Managing your Boss

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monster_boss_at_conference_table_1600_wht_14572If you read all the research about how people can no longer trust their bosses, you might wonder if there is anything that you can do to manage the situation.

Of course if you are devious and manipulative or have high level influencing skills, you probably already have but most people probably put up with the poor relationship and just complain behind their boss’s back.

Not a healthy way to spend a good part of your life.

Most business schools don’t teach anything about how to manage your boss, although it is a critical relationship,” says Sir Cary Cooper, professor of organisational psychology and health at Lancaster University Management School.

Maybe we don’t like talking about the fact that we do it, because people see ‘managing up’ as manipulating managers . . . but we should look at it instead as managing the relationship. Get it right and both your career and the company’s prospects should benefit.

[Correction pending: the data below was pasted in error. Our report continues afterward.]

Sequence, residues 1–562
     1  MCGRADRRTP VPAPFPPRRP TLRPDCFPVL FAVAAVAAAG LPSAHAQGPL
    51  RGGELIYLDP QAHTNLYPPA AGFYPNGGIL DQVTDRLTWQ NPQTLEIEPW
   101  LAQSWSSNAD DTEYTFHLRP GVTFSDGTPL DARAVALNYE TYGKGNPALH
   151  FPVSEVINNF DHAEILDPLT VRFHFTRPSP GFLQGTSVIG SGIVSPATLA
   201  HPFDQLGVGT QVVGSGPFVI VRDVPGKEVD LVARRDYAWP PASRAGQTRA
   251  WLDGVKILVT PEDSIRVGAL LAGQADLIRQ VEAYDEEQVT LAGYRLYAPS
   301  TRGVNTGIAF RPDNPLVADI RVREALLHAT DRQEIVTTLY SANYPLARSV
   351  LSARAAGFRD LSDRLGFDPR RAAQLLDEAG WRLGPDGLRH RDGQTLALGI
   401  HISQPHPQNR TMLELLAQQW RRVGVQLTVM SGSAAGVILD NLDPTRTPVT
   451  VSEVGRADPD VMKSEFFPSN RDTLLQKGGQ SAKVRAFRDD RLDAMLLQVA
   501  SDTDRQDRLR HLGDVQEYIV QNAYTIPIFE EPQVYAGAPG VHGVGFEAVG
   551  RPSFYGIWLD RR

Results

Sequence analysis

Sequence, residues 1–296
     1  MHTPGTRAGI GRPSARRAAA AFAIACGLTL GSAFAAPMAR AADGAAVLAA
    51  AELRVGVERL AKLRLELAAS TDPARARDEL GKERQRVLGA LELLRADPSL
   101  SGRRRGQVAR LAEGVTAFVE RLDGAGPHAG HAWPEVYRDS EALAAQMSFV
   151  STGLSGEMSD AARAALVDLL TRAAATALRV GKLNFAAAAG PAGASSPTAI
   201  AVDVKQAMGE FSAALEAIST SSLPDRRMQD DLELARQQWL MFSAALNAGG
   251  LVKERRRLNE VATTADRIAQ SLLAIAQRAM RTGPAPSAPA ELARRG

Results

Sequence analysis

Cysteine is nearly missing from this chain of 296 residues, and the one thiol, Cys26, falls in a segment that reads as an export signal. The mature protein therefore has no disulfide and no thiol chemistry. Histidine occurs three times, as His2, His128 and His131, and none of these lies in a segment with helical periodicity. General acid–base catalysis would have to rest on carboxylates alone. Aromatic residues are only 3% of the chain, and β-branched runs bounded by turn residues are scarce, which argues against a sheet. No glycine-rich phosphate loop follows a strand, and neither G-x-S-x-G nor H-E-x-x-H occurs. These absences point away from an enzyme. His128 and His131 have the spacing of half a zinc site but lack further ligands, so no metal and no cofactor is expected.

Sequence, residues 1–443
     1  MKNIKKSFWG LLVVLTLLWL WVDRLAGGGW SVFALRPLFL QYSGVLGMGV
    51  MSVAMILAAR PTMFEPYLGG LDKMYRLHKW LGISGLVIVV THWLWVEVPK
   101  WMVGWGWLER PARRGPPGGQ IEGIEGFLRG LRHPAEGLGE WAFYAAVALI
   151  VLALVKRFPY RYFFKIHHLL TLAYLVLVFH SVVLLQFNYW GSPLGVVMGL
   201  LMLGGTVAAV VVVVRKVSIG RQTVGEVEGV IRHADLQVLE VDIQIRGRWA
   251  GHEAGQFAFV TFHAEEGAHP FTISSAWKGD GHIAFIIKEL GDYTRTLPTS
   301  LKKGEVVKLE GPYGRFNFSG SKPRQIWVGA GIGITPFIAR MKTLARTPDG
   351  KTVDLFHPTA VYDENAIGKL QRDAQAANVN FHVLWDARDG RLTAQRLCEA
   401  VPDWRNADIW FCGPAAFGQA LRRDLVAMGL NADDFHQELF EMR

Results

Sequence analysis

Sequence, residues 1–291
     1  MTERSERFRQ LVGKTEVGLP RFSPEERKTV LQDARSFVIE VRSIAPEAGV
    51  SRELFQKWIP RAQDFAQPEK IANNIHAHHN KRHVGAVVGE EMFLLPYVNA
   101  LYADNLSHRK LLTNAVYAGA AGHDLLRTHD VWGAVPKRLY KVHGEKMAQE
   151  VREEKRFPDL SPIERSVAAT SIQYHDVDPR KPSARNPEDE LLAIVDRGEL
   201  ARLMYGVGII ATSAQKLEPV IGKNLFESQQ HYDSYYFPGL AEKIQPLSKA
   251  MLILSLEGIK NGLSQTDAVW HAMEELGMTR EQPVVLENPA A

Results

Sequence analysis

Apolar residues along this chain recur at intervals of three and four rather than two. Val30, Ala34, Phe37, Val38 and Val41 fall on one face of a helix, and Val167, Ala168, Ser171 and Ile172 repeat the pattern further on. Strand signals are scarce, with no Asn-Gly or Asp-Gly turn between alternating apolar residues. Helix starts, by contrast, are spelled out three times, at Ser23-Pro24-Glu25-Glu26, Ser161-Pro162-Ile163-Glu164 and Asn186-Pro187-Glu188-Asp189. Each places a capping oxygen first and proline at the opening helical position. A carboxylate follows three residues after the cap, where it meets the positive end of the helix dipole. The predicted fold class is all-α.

One way to approach this is by working with psychological profiles eg as measured by the Myers-Briggs Type Indicator (MBTI). Knowing your own type and that of your colleagues and boss can pay dividends.

Understanding the differences in communication style between people with Extravert and Introvert preferences, or Sensing and Intuitive preferences can make all the difference in a relationship. The MBTI is claimed to be the most widely used psychometric tool for personal development and team building and well worth trying out.

Although it has its critics I’m a firm believer in its use for raising self-awareness (one of the key elements in emotional intelligence) and personal development.

An alternative but similar approach is to compare temperaments rather than types and this is an article on how to manage your boss based on the Keirsey Temperament measure.

This is an updated version of a post on SGANDA.

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